We estimate the sensitivity at the HL-LHC as \(\mathcal {S} = s/\sqrt{s+b}\), with s and b the number of signal and background events after all cuts, respectively. It ranges from 2.7 to 7.3 for \(m_\Phi \) between 185 and 340 GeV. Thus, at the LHC (\(\sqrt{s}=13\) TeV) we can probe the entire mass interval with \(3000~\mathrm {fb}^{-1}\). The corresponding region in the plane \((m_\Phi , c/f)\) is therefore a vertical band, the one enclosed by the dashed orange line in Fig. 9.

6 Conclusions

Natural scalar extensions of the SM must have a low cutoff f preventing large corrections to the scalar masses. However, such models are usually studied neglecting 1 / f terms. Basing on the real triplet extension of the SM, we have highlighted that, if these terms are taken into account, the phenomenology can be drastically different. In particular, the only renormalizable interaction allowing the new scalars to decay is so suppressed by the measurement of the \(\rho \) parameter, that decays mediated by effective operators dominate.

We have studied the reach of current LHC analyses. We have found that, despite being f independent, searches for EW pair-produced charged scalars decaying to third generation quarks are absent. This is particularly surprising given that such signals appear in a plethora of new physics models, including the 2HDM/MSSM. Therefore, we have developed a dedicated analysis to probe the cleanest of these channels: \(pp\rightarrow \phi ^\pm \phi _0\rightarrow t\overline{b} (\overline{t} b), b\overline{b}\). We have shown that the whole range of masses \(\sim 185\)–340 GeV can be tested at the HL-LHC.

For this analysis, we have neglected new scalar couplings to the leptons. Under the sort of Minimal Flavour Violation [77] assumed after Eq. 1, explicitly reproduced in concrete models as shown in Eq. 13, the only relevant lepton would be the tau. Still, the decay of \(\phi ^0\) into \(\tau ^+\tau ^-\) would involve only a \(\sim m_\tau ^2/(m_b^2 N_c)\sim 5\,\%\) of its width; our results being effectively unaffected. If couplings to the leptons are accidentally larger, the scalar could be better seen elsewhere; see Ref. [78].

We also stress that, had he assume flavour-violating couplings \(c_{ij}^{u(d)}\), they would give rise to a plethora of signals in meson decays [79]. They could be also seen in top decays as in the singlet extension of the Higgs sector [80].

On another front, we have studied the reach of the future gravitational wave observatory LISA to the gravitational waves produced in the EWPT for certain region of the parameter space of the model. In particular, we have demonstrated that regions not yet excluded by Higgs to diphoton measurements will be testable. In this region, the EWPT proceeds mainly in one step, and therefore only one signal peak might be expected.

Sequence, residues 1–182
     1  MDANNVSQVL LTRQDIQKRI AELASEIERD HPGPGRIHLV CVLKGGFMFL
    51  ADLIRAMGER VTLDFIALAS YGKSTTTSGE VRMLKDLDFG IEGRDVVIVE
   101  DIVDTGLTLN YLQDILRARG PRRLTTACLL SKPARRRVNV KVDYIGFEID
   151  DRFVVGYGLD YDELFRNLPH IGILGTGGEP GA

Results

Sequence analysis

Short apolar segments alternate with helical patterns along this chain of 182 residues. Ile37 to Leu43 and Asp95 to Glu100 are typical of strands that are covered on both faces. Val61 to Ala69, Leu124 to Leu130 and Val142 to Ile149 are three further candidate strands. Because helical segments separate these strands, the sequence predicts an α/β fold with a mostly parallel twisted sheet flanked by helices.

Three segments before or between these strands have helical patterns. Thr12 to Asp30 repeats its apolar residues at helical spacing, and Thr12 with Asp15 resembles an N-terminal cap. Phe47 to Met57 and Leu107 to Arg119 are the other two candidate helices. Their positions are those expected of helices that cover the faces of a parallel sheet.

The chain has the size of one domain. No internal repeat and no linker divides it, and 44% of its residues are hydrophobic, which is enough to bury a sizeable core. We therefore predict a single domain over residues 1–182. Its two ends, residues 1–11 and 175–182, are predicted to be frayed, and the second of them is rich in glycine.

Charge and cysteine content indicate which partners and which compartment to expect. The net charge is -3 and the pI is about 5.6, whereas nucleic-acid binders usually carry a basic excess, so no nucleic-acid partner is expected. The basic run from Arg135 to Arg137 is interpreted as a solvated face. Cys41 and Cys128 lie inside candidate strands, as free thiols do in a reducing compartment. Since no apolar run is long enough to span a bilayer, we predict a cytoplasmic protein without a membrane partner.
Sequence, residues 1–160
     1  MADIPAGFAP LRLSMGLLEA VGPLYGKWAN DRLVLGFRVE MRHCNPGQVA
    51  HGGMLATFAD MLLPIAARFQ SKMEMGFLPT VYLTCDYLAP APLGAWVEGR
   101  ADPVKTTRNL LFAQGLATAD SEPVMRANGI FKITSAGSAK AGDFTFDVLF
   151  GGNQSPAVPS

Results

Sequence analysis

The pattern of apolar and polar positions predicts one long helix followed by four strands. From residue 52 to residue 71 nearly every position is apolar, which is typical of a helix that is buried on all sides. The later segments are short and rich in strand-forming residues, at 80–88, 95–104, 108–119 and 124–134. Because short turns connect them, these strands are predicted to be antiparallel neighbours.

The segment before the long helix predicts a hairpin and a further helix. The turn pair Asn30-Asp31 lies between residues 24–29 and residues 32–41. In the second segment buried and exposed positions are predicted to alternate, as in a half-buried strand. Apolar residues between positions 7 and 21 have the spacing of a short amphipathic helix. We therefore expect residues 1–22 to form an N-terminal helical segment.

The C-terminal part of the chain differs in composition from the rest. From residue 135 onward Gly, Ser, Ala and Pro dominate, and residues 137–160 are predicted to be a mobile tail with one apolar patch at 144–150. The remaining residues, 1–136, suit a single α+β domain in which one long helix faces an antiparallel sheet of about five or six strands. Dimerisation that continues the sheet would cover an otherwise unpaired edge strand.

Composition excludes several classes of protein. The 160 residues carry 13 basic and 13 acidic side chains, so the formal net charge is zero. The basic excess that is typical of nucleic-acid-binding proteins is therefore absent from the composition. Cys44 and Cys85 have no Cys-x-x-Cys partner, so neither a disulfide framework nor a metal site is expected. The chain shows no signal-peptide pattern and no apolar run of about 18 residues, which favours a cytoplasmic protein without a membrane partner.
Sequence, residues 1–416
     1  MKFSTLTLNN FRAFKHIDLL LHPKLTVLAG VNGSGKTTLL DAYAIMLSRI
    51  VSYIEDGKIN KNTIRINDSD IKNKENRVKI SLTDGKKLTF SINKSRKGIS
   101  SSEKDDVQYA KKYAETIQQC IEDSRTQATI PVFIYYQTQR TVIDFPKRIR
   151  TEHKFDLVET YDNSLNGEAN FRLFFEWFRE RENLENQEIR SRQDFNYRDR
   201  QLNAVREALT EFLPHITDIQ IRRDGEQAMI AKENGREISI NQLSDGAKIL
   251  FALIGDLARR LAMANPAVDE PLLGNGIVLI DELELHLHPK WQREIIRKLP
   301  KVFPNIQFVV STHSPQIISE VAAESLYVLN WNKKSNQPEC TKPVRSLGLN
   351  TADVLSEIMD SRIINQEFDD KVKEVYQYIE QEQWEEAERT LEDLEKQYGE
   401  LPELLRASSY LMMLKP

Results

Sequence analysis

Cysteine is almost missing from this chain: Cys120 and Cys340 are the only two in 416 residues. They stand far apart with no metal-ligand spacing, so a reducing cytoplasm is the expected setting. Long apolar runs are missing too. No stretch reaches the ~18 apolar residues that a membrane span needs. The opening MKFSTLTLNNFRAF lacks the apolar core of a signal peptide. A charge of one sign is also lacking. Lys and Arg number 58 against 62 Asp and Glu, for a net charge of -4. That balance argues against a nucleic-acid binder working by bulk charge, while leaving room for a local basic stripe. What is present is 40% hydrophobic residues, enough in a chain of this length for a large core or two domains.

Finally, it is worth mentioning that in concrete models c and \(\lambda _{H\Phi }\) related; normally \(\lambda _{H\Phi }\propto c\). This is evident for example in CHMs, in which the former (latter) is induced by integrating out heavier resonances at tree level (one loop). To exhaust this point, we plot in Fig. 12 the current and future bounds on the plane \((m_{\Phi }, c)\) considering all collider searches and gravitational wave signatures for different simple assumptions on the relation \(\lambda _{H\Phi } = \lambda _{H\Phi }(c)\).

Footnotes

  1. 1.

    (The fine-tuning scales roughly as \(\Delta \sim m_h^2/f^2\), with \(m_h\) the Higgs mass [9]. \(f=1\) TeV gives already \(\Delta \sim 1\,\%\), and this falls below the permile level for \(f> 4\) TeV.)

Notes

Acknowledgements

We would like to thank Nuno Castro, Marek Lewicki, Mariano Quirós and Carlos Tamarit for helpful discussions. MC is supported by the Royal Society under the Newton International Fellowship programme. MR is supported by Fundação para a Ciência e Tecnologia (FCT) under the Grant PD/BD/142773/2018 and also acknowledges financing from LIP (FCT, COMPETE2020-Portugal2020, FEDER, POCI-01-0145-FEDER-007334).

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Open AccessThis article is distributed under the terms of the Creative Commons Attribution 4.0 International License (http://creativecommons.org/licenses/by/4.0/), which permits unrestricted use, distribution, and reproduction in any medium, provided you give appropriate credit to the original author(s) and the source, provide a link to the Creative Commons license, and indicate if changes were made.

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Authors and Affiliations

  1. 1.Institute of Particle Physics Phenomenology, Physics DepartmentDurham UniversityDurhamUK
  2. 2.Laboratório de Instrumentação e Física Experimental de Partículas, Departamento de Física da Universidade do Minho, Campus de GualtarBragaPortugal